"Well, a walkabout is a thing young aboriginal Australians do as they're entering adulthood. They go out into the wild on their own and spend several days living in the old traditional ways. They do that to get close to nature, to gain some self-confidence and to contemplate their existence. Ever since I read about it, I've always thought it was something all kids should do; kind of a rite of passage."

"Well did you ever do that? Go on something like a walkabout?"

"Not specifically, but I did spend fifteen months in combat in Viet Nam. If there's anything that will get you contemplating your existence, it's the knowledge that at any moment, yours may come to an abrupt end."

"Yeah, I see your point."

He took a sip of his beer and asked, "Curtis, what would you think about spending a month in a cabin in the mountains? I'm talking about a place so isolated you wouldn't even know how to find your way out. You'd have food and shelter of course, a few basic tools, but no modern conveniences."

"Um, wouldn't I have my iPhone and my laptop, or at least my iPad?"

He looked at me like I was some kind of idiot. "Hell no! That'd be counter to the whole idea! Now, there would be a bail-out mechanism if it all proved too much for you; you know, if you decided you couldn't hack it."

I saw him checking me out from the corner of his eye, to see if I'd react. Well, I can tell you the mere thought of that kind of isolation had my stomach turning flip-flops, but Granddad was laying down the gauntlet, and I wasn't about to concede the field without putting up a fight. "You don't think I can handle it, do you?"

He raised an eyebrow in that meaningful way. "Mmm, I'm just saying it would take a mature mind and some serious guts to walk away from all the things that make your present life a relative walk in the park. It would take a person with some depth to tackle something like this."

OK, it was finally soaking in that the old boy was actually serious about this thing. "Well, um, where is this place, anyhow?"

"It's about half a day's drive from here."

"Yeah, but where exactly?"

"All I'm going to tell you is that it's up in the mountains. See, anything more specific would give a bright kid like yourself something to use to find your way back to civilization. No, you'd be in a dry, comfortable cabin deep in the forest. You'd have food, a rifle for self-protection and to hunt game, some basic gear to catch some trout, an axe to chop firewood, a box of tools to do whatever."

"Um, so what's this bail-out thing you mentioned?"

"It's a fully charged two-way radio tuned to the Forest Ranger's frequency. But you'd only use it in the event of a dire emergency ... or because you decided to chicken out."

"And you're betting I'll do just that, aren't you? That I'll chicken out and call for somebody to come and rescue me?"

"I'm not betting on anything. I have no idea whether or not you've got what it takes, but I guess there's only one way to find out, isn't there?"

Shit! I thought, he has me in a corner and he knows it! It's embarrassing how he can manipulate me so easily.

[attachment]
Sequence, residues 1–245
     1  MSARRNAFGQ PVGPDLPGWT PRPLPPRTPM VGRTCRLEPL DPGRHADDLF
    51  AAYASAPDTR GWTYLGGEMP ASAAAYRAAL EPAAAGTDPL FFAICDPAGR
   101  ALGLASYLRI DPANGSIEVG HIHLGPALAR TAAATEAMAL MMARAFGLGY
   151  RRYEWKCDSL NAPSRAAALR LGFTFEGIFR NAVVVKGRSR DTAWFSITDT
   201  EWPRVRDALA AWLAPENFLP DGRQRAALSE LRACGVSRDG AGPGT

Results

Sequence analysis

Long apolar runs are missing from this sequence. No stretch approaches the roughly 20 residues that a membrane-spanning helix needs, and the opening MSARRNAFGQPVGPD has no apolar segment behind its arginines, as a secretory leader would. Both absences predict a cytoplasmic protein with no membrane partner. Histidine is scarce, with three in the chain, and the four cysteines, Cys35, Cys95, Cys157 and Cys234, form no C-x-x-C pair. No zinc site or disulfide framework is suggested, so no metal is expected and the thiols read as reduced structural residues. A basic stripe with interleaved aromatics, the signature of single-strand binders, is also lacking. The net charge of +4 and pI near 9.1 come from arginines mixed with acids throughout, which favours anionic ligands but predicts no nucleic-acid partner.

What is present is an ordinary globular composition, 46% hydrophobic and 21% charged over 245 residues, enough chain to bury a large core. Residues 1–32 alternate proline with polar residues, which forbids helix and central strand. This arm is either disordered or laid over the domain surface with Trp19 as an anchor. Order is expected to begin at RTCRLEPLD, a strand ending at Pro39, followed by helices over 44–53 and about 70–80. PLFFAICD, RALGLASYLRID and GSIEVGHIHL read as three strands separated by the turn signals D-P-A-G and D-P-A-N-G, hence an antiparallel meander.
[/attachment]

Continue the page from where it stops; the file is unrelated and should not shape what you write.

"Well, but when would this month start? I mean, it would take some planning and I'd have to pack and all."

"Pack what?" he asked, "I told you what you'd have by way of resources, and most of that's already there. The rest wouldn't take but about five minutes to gather up. Do you think you're going to take thirty days worth of clothing and bring it all back for your grandmother to wash? As for the when, I was thinking tomorrow."

"Tomorrow! Jeez, Granddad, I've got things I need to do! I'd have to call my friends and let 'em know I'd be gone and stuff. I can't do it tomorrow!"

He sipped his beer again and sighed, "Yeah, well I figured you'd try to weasel out of it as soon as it became the least bit inconvenient. Never mind, then. Forget I even mentioned it."

"Come on, Granddad! That's not fair!"

"Isn't it? The moment you run up against a complication, you backpedal. This is the way life works, Curtis: You see a problem or an issue, you face it, you deal with it, then you move on. You don't solve problems by putting them off or looking for ways around them."

Damn! He's got me! "Alright, alright! Tomorrow! Are you gonna at least tell me what I need to take?"

"I've already told you. We'll leave at five in the morning. That'll give you time after we get there to get settled in before dark."

"So are you gonna help me do that? Get settled in, I mean?"

"Nope! I'm going to show you around a little bit, then I'm going to drive away. Thirty days later, I'll go back and pick you up. That's the deal. In or out?"

Zero options without looking like the world's biggest wuss!


As Granddad said, we left the house a little after five AM. Aside from the clothes I was wearing, I had a gym bag with two pairs of jeans, two shirts, a light jacket and two changes of socks and underwear. There was a hand-tooled leather case with his Henry .30/30 and some basic fishing gear. He let me choose three books to bring along to entertain myself with. Oh, and a shaving kit with my toiletries. No electric toothbrush.

He was right that it was half a day's drive, and we didn't get there until a little after eleven in the morning. I didn't see the last few miles because he stopped before turning off the main highway and made me put on a blindfold. We went along the highway for a few more minutes before turning off onto a dirt road. We must have been on it for a good half hour, and the road got rougher and rougher until I thought from all the bouncing around, it must have disappeared altogether.

"OK," he finally said, "You can look now."

When I took off the blindfold, all I could see was trees.

"This is it? You're gonna drop me off in the middle of the damned forest?"

He just laughed and said, "Not quite. Grab your stuff out of the back and I'll take you to the cabin."